As best shown in FIG. 7, a baffle or deflector plate 138 is positioned in the opening 136 whereby the air from the orifice 135 is directed directly against the upper, curved portion of the baffle 138 from which it is deflected directly down the mouthpiece tube 18 into the mouth of the user. This direct application of air into the mouthpiece permits the mass production of regulators with only a minimum of variation in the rate of airflow per given amount of inhalation force from one unit to the other.

Another feature of the present invention is the provision of dual exhaust ports from the chamber 17. As best shown in FIGS. 4 and 7, the housing 11 is provided with an angular flat portion 140 in which the exhaust ports 19 and 20 are provided. As shown, each of these ports is actually a set of ports, identical in construction. Each of the ports 19 and 20 thus includes three openings spaced apart by three sets of webs 145 connected to a central integral ring portion 148 over which is mounted a pair of flexible disclike valve elements 149 and 150. These resilient flexible check valve elements seat against the outer wall of the housing 11 over the ports 19 and 20 and seal off the chamber 17 from the ambient when the pressure outside of the regulator is greater than that within the chamber 17. They thus prevent leakage of water into the chamber 17.

With regulators of this type it is important that a large exhaust area be provided to reduce the exhalation pressure which must be exerted by the diver in order to exhale. In the past, a single exhaust opening and a single associated check valve have been used for this purpose but the degree to which the exhalation pressure could be reduced was limited by the effectiveness of the check valve to provide a fast responding seal of the opening when the diver stopped exhaling. It has been found that by using a plurality of smaller openings and thus using smaller check valves that rapid response in resealing as well as excellent resealing is achieved. Moreover, the separation of these ports from the inlet orifice 134 by the valve housing 80 eliminates any leakage of air from the system.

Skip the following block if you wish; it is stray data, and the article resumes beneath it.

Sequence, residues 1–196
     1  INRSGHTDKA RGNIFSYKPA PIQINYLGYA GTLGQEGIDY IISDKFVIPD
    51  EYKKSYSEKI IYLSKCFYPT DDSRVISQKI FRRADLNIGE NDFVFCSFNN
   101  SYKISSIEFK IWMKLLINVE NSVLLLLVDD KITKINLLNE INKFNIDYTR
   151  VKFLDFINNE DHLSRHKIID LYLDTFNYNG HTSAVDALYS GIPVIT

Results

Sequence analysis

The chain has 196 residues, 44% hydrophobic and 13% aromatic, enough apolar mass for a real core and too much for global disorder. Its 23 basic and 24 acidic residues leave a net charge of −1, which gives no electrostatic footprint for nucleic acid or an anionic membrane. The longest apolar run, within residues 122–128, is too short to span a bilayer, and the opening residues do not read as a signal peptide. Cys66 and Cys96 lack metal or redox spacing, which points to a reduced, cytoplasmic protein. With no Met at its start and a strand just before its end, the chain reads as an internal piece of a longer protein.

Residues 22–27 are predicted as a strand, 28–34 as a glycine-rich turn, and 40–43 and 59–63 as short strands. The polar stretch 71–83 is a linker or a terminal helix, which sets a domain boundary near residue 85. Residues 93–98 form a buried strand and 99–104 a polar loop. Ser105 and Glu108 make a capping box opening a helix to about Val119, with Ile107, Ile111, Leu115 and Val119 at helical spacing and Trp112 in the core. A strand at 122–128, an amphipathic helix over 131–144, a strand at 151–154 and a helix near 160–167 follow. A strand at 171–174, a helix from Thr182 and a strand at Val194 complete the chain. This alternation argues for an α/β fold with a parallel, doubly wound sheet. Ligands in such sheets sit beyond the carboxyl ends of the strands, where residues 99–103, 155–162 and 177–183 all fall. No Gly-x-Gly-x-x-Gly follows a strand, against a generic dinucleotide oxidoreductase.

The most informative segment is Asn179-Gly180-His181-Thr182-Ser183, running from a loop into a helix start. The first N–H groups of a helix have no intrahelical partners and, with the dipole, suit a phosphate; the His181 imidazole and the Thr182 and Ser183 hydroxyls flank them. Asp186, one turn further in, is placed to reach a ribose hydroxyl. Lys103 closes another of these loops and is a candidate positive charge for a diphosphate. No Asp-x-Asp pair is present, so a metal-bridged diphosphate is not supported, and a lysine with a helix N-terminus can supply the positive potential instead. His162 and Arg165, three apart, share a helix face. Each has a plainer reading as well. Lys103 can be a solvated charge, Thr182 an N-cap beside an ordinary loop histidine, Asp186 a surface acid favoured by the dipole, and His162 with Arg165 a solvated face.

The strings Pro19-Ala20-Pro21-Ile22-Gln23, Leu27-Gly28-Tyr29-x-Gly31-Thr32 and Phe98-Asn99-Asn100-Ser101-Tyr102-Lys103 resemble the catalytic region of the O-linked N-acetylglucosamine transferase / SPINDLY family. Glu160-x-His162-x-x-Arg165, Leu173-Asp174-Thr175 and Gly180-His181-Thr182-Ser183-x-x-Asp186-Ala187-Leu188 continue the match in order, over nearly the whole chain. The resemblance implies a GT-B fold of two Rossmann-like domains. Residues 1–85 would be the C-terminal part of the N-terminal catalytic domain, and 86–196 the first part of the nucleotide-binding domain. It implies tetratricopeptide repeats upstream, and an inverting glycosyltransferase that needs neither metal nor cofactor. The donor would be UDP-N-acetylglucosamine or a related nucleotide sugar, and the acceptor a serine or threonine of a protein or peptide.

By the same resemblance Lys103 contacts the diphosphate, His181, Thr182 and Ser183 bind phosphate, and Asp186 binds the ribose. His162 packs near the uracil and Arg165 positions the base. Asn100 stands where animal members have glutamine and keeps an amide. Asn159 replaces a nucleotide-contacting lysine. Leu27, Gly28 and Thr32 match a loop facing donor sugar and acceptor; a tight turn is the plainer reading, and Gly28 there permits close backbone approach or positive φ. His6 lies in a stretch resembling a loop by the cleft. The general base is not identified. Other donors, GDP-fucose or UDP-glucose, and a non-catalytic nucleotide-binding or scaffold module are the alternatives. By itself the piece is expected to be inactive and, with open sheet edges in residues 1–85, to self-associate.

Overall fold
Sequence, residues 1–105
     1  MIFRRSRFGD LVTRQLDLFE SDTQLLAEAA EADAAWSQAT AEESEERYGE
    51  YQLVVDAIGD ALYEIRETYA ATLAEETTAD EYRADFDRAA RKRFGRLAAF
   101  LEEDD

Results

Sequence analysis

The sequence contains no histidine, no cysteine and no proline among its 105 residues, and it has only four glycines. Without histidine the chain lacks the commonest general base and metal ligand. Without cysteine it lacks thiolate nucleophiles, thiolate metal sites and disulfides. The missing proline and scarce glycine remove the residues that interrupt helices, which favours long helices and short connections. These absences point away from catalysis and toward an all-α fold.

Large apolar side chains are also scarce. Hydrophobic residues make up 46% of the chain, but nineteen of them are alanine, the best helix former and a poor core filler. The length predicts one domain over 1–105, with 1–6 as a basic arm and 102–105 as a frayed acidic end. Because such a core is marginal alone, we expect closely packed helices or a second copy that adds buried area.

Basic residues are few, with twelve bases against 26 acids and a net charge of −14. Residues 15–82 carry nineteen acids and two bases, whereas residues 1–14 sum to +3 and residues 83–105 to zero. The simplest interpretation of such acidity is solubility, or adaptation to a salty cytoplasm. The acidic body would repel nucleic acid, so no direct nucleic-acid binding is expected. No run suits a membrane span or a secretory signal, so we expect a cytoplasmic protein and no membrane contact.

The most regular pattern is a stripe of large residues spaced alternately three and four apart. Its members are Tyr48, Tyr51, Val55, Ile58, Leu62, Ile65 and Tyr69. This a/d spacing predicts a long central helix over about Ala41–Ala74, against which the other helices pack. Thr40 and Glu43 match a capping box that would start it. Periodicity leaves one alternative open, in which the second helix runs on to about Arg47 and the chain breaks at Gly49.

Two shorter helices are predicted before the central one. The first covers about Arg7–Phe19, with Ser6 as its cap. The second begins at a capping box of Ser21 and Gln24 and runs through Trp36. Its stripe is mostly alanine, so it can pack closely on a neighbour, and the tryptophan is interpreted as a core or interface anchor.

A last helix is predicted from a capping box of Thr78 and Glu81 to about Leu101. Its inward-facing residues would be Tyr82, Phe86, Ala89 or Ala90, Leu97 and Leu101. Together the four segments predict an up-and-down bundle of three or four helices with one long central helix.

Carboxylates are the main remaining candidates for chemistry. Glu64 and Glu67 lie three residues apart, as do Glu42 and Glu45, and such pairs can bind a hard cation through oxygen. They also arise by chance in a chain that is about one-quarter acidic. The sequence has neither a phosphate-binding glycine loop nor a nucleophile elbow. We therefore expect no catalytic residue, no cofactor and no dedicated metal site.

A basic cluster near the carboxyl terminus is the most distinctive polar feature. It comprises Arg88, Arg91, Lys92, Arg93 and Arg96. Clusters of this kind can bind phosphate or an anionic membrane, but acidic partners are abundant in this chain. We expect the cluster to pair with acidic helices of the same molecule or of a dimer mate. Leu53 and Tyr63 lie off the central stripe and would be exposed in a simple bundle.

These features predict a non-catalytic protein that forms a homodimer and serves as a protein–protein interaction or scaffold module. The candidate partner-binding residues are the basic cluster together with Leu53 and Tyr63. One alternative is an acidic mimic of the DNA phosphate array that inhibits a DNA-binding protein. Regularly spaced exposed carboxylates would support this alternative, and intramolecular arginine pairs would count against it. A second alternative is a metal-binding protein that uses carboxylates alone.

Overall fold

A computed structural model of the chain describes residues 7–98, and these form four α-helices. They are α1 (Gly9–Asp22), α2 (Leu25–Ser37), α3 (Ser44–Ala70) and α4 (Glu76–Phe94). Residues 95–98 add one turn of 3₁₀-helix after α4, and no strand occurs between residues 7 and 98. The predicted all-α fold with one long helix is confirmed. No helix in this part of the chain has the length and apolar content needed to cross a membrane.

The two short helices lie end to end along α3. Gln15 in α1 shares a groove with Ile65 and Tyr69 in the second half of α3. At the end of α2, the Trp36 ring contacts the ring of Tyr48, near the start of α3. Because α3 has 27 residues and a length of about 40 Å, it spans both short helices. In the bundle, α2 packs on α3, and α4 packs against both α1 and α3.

OPERATION

Referring particularly to FIGS. 3 and 6, the valve 98 is shown in a closed position against the seat. This condition exists when the diver is not inhaling and the diaphragm is held in its uppermost position against the lower end 74 of the purge button 66. When the diver breathes in, he decreases the pressure within the chamber 17 so that the total force exerted on the diaphragm by the pressure in the chamber 17 and the spring 106 acting through the lever 116 becomes less than the downward force exerted on the diaphragm by the ambient. The diaphragm thus moves down and pivots the lever 116 in a clockwise direction to the position shown in FIG. 5. As the lever 116 pivots, the flat end portions thereof urge the valve member 98 away from the seat 94 whereby air enters the chamber 17 from the orifice 134. Most of this air is deflected directly down the mouthpiece tube 18 to the mouth of the diver. When the diver's lungs are filled, the pressure in the chamber 17 has increased to a sufficient extent to move the diaphragm up to the position shown in FIG. 6 to close the valve. When the diver then exhales, the gases from his lungs pass into the chamber 17 and since the pressure therein thus increases above that of the ambient, these gases are exhausted through the exhaust ports 19 and 20. When the diver stops exhaling, the valves 149 and 150 promptly close to return the regulator to its original condition as shown in FIG. 3.

While the present invention has been described in connection with a particular embodiment thereof, it will be understood that many changes and modifications of this invention may be made by those skilled in the art without departing from the true spirit and scope thereof. Accordingly, the appended claims are intended to cover all such changes and modifications as fall within the true spirit and scope of the present invention.